'There are a number of benefits that come from doing wellbeing well'

HR leaders, experts share insights at HRD Wellbeing Summit Australia

'There are a number of benefits that come from doing wellbeing well'

What are the things you can do before problems arise at work, that are likely to really benefit your organisation?

That’s a question Dr Tom Nehmy, director and principal psychologist at healthyminds, posed to the audience at this year’s HRD Wellbeing Summit Australia.  

The question came after Nehmy used this metaphor to describe psychosocial safety: “It's really a story of the carrot and the stick.”

“For years, we've been promoting the carrot,” he said. “There are a number of benefits that come from doing wellbeing well, from doing preventive psychology. These are things like more energy, more motivation, clearer thinking, being more productive. And on the flip side, having less absenteeism and fewer problems at work.”  

But Nehmy has also observed that organisations have not always been proactive or have seen prevention as the answer to psychosocial safety.

“Now, though, we've got a stick,” he continued. “And this comes in the form of legislative changes around psychosocial hazards. Safe Work Australia is telling us now that we must act to mitigate risk. Organisations can face quite serious legal consequences – and that includes leaders within organisations – if they are not able to take reasonable steps to reduce risks and they can't demonstrate that they've taken these steps. So this is the stick: we can be motivated at either end but the answer is, we need to take action.”

Jelena Dokic finds self-worth by sharing story

The Wellbeing Summit took place at the Fullerton Hotel Sydney on May 22. It featured panel discussions on topics such as reducing burnout and understanding recent regulations on psychosocial safety as well as a case study on developing a psychosocial risk management approach.

In her keynote address, former world no. 4 tennis player, Channel Nine commentator and bestselling author Jelena Dokic described her experience as an elite athlete who also suffered from abuse inflicted on her by her father.

She highlighted the importance of finding her self-worth and seeing the strength in vulnerability when she was able to share her story. But Dokic also emphasised how important it is to have someone to believe in you. For her, it was former Australian tennis player Todd Woodbridge, who encouraged her to become a commentator after she retired from tennis.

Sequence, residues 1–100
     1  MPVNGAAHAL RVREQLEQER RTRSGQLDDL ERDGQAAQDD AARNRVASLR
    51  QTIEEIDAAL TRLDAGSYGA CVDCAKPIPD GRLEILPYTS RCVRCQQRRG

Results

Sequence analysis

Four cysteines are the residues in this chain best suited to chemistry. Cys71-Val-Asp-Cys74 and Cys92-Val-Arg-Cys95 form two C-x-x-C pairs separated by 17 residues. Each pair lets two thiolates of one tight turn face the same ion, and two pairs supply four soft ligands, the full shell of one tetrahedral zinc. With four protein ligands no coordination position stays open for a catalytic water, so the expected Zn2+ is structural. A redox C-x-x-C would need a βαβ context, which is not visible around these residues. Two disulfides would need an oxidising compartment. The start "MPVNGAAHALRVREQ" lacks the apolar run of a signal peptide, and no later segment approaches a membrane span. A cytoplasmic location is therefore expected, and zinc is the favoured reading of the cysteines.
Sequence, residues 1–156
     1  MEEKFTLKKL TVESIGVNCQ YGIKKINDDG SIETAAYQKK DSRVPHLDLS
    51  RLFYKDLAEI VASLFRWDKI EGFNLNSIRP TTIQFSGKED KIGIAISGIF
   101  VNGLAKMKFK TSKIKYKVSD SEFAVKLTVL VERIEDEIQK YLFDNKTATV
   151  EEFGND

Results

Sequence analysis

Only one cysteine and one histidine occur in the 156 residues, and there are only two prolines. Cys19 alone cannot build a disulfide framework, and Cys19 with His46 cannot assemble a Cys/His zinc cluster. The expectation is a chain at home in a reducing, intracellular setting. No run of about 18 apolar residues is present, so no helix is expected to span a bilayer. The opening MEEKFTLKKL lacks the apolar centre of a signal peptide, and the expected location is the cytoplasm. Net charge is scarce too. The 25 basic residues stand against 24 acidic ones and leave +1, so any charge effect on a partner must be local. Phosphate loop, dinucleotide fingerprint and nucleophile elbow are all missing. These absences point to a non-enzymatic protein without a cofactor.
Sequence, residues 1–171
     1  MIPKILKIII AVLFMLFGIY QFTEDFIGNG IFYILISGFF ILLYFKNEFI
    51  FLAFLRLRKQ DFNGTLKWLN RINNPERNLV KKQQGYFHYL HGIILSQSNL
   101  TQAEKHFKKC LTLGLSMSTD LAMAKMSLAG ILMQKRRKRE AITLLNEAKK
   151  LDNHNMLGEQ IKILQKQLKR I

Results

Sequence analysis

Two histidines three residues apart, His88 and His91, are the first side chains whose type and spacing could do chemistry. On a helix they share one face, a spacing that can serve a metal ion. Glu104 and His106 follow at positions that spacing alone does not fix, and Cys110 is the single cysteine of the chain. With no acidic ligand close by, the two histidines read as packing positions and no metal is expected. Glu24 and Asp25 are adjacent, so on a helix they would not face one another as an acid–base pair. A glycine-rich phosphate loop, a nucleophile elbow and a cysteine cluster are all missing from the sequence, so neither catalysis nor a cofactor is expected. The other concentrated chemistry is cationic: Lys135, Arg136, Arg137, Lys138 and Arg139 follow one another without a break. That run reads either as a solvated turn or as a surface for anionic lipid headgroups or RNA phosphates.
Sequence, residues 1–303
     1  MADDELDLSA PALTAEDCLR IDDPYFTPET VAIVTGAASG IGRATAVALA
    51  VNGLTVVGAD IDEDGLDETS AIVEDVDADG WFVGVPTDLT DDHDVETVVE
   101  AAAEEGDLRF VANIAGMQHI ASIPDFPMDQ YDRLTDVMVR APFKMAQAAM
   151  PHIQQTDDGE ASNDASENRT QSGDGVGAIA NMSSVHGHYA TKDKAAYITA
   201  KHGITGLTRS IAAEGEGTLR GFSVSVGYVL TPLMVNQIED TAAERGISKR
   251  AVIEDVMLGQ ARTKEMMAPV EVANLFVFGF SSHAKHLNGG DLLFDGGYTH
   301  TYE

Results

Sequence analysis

“You need someone to be there for you,” she said. “You need others to believe what you're going through but also to believe in you, that you're capable of anything. So be that for someone.”

Wellbeing success stories at Stryker, Pfizer

In the panel, “Wellbeing Success Stories,” Nicki Luther, senior director, human resources at Stryker described her company’s approach to wellbeing.

“Our approach to wellbeing is very much about helping people feel happy and fulfilled and connected, with a sense of purpose,” she said.

Luther said Stryker has a wellbeing framework that is built around the key principles of the book Wellbeing at Work by the Gallup organisation.

“It's around a couple of different pillars,” she explained. “We've got career wellbeing, emotional wellbeing, physical wellbeing, financial wellbeing and social wellbeing. And it's very much around the premise that unless you're thriving in all aspects of your life, it's actually going to be very hard to thrive at work.

“So it's about helping our people see how they're going against those different aspects of their life. And how can we support or how can they drive improvement in different areas.”

The company would look at some initiatives it was already doing but would help staff see how it was connected to their wellbeing, Luther said. For example, rather than saying that there will be a talk by a superannuation provider, the company would approach it as “Let’s focus on your financial wellbeing.”

Gaya Srikumar, senior director people experience, EM Asia & Developed Asia at Pfizer, explained how the company has listening sessions.

“We encourage our colleague resource groups to bring feedback and insights,” she said. “And we change our programs based on the feedback that has been escalated to us.”   

VetPartners chief people officer Dr Michelle Phipps suggested the need to consider the purpose of your organisation when figuring out the best strategies to bring about wellbeing. For VetPartners, it was a Pets at Work policy.

“At the end of the day, the reason why you work for VetPartners is because you love animals,” she said. “It's something small but it's something meaningful for all of the offices that we've got, that you can bring your pets to work.”

ERGs help with wellness benefits

In the panel about “Selecting cost-effective wellbeing benefits for your workforce,” Jessica Farrell, general manager, people and culture at Publicis Groupe, described how the company taps into avenues such as its employee resources groups to better understand their staff needs.

“If we're seeing that there's a high spike in sick leave in a particular area of our business, what are the things that we might be able to do, to look at focus groups or discussions with those employees about what's happening, why it's happening and how we can go about tailoring some of our initiatives to then support them,” she said.

When Nick Lee OAM, co-director and partner of healthyminds, addressed delegates, he said he was thrilled to see that there is no longer a debate about whether there should be an investment in the wellbeing of employees.

“The focus is very much on the how to best integrate wellbeing as part of the strategic agenda because it's important to our staff,” he said. “And caring for our staff is good for business.”

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